Ngmoco's Neil Young on further acquisitions, Android and the freemium misconception

Building an EA for the mobile internet

Ngmoco's Neil Young on further acquisitions, Android and the freemium misconception
With its purchase of Freeverse combined with the raising of $25 million in its third investment round, US iPhone developer and publisher ngmoco has signaled its ambition to make a mark in the iPhone content space.

In the second of two interviews with ngmoco CEO Neil Young, we discover his views on going cross-platform, the potential of the mobile internet and how the freemium business model really works.

You can read the first part of the interview concerning the Freeverse deal here.

What's the future direction for ngmoco. There's been an assumption you're heading for Facebook?

Neil Young: We're going to focus predominantly on the mobile internet and the tip of that spear is iPhone. We're early in the life of this market. It's been around for 18 months. It's interesting, vibrant and fast moving.

Our sense is that it's bigger than the social web. If you think about where people consume entertainment, it's in the living room, on their desktop, or everywhere else and the iPhone represents the everywhere else piece of the puzzle.

It seems entirely conceivable that a few years from now, there could be 500 million people walking around the planet with these types of devices in their pockets and that's a tremendous opportunity. We really want to build the very best company in that space.

But 500 million people aren't going to have iPhones?

We founded the company on the basis that these mobile devices need a unique blend of usability and capability to drive the type of usage patterns that will unlock the potential of the market.

So far the iPhone is in a strong leadership position. I'd say that among the pack of competitors, Android is the furthest advanced but it remains significantly behind the iPhone and iPod touch in terms of user adoption, ease of use, purchasing mechanisms, tools etc. I am encouraged at the rate at which Android is evolving, innovating and growing but for us the real focus is the iPhone OS.

Your total funding to-date is $40 million. Is this a lot of money?

Our opportunity is to build a company in this space that's as meaningful, impactful and long lasting as Electronic Arts.

If you put $40 million into that perspective, it's a small amount of money. In real terms though $40 million is a lot of money and we intend to put it to good use.

Are you looking for further acquisitions?

We will continue to look for acquisitions that make sense at a studio or company level and acquisitions of applications. In an ecosystem where there are 140,000 applications, the number of applications we have is relatively small.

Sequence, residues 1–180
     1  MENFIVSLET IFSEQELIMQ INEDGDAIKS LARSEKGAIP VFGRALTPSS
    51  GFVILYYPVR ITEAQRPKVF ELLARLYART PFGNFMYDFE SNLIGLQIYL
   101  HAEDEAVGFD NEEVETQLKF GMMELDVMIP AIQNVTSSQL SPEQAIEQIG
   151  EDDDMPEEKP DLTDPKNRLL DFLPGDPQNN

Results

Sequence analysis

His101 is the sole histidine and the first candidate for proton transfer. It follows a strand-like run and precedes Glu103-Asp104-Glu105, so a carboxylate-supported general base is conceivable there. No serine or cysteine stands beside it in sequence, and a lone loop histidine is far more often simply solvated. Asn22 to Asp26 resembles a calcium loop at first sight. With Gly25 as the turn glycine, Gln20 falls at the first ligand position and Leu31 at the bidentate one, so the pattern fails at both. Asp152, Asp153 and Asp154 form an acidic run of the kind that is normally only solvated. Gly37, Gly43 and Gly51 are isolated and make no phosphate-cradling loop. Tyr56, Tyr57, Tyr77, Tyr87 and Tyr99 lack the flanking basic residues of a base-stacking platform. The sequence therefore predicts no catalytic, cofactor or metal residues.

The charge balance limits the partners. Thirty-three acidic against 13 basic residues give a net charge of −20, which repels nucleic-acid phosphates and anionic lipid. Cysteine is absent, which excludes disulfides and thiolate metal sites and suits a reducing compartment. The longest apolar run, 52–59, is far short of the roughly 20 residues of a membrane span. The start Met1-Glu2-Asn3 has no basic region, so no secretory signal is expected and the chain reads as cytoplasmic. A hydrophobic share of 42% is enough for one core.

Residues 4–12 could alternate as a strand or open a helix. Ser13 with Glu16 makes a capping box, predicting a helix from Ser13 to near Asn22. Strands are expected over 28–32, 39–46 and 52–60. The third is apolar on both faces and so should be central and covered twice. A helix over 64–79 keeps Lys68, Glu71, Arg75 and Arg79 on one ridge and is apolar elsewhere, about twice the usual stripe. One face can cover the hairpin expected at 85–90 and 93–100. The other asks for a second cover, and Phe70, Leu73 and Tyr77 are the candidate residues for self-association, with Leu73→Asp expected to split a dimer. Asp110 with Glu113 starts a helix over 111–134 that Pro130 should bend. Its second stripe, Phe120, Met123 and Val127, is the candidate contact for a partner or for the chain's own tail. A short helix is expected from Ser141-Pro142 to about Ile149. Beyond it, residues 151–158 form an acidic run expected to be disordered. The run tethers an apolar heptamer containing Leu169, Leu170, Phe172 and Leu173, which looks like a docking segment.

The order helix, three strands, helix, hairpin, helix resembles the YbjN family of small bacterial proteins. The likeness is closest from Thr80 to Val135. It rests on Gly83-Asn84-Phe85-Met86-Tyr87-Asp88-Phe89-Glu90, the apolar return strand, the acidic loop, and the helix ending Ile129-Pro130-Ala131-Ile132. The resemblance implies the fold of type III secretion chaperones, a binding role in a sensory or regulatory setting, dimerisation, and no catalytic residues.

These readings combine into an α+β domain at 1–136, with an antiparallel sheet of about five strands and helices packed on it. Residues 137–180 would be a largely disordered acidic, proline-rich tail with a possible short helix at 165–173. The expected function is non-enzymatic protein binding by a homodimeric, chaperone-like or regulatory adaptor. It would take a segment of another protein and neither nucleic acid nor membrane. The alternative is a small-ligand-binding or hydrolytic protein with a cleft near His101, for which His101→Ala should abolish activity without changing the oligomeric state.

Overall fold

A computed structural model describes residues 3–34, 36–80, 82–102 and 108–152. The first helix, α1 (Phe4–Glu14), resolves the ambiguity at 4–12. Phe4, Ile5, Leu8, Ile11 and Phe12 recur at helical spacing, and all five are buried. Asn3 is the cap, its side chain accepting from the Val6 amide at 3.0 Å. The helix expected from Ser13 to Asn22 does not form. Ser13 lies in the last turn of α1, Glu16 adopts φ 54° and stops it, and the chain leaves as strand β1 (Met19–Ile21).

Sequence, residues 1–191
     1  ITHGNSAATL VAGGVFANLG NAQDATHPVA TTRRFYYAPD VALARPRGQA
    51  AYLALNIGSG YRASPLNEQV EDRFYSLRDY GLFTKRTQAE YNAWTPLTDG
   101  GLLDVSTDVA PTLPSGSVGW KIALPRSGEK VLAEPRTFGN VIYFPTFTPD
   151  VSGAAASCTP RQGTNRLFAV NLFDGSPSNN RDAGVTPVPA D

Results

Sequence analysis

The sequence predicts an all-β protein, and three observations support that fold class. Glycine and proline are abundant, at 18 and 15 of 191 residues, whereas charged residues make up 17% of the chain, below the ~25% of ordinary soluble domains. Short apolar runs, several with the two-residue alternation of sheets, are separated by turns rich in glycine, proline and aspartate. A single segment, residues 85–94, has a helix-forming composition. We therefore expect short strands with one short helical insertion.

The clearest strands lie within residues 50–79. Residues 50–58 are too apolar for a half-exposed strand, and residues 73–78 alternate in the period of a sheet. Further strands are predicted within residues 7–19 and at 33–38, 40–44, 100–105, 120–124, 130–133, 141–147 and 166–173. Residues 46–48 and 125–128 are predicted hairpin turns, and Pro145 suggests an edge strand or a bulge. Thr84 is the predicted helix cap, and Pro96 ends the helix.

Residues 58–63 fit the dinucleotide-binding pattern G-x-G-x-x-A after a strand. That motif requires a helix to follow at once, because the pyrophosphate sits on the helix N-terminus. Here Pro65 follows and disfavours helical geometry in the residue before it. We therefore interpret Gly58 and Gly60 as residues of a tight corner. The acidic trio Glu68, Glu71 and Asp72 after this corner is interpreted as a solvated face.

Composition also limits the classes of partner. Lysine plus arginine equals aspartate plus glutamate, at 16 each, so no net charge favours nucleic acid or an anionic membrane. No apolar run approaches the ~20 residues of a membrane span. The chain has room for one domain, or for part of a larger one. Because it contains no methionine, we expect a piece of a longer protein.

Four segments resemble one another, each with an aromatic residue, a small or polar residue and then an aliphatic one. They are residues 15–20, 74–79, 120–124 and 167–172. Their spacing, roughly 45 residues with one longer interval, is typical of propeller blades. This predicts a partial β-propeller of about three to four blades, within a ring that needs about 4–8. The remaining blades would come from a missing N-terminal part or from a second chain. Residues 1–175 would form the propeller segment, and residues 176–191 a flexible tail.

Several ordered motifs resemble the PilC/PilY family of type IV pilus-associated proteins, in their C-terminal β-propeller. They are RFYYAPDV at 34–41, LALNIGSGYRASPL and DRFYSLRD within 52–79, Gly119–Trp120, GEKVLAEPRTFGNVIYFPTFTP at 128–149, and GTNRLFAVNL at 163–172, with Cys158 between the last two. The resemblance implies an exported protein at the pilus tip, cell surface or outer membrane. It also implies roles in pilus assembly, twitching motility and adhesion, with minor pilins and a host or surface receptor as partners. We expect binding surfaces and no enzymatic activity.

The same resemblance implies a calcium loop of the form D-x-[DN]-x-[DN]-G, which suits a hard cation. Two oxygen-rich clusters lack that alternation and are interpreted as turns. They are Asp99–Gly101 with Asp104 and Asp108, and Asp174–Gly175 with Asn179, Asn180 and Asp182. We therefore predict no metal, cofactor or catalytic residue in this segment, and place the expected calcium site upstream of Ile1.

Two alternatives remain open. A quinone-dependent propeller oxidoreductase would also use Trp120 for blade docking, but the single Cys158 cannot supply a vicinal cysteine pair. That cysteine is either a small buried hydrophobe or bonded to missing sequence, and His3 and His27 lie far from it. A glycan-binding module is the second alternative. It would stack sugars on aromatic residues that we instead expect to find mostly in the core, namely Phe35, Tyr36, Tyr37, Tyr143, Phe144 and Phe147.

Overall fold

I think it's important we go after games we think can be successful inside this space. For us that doesn't necessarily mean a game that will get to the top of charts briefly and then fall back down again. It's about identifying games or properties that have the profile we think is necessary to be successful in this space.

These are games that grow their audience over time, that retain their customers and have the potential when moved from paid to free, or if already free put into our network, to touch millions and millions of people. That's what we're focused on.

On the studio side, it's about finding people that share our vision, have the right DNA and can be complimentary in terms of growing the company.

You've mentioned you have around 2 percent of customers buying virtual items on a daily basis, so how many million customers will you need to generate decent revenues?

This is a common misconception. On any given day around 2 percent of our audience pay but that audience doesn't necessarily come back every day. On a monthly basis, we have between 8 - 10 percent of our audience participating in virtual goods. Also, the average transaction price is a lot higher than 99c.

The other thing to realise is there are other mechanisms you can use to monetise people who aren't buying virtual goods, whether that's advertising, upselling or cross-promotions.

Saying you have a million people playing your game so that's only 20,000 sales per day isn't the right way to consider how the business model works when you think about the entire ecosystem.

Thanks to Neil for his time.

You can keep up-to-date with what ngmoco does in future via web and Twitter.

Contributing Editor

A Pocket Gamer co-founder, Jon is Contributing Editor at which means he acts like a slightly confused uncle who's forgotten where he's left his glasses. As well as letters and cameras, he likes imaginary numbers and legumes.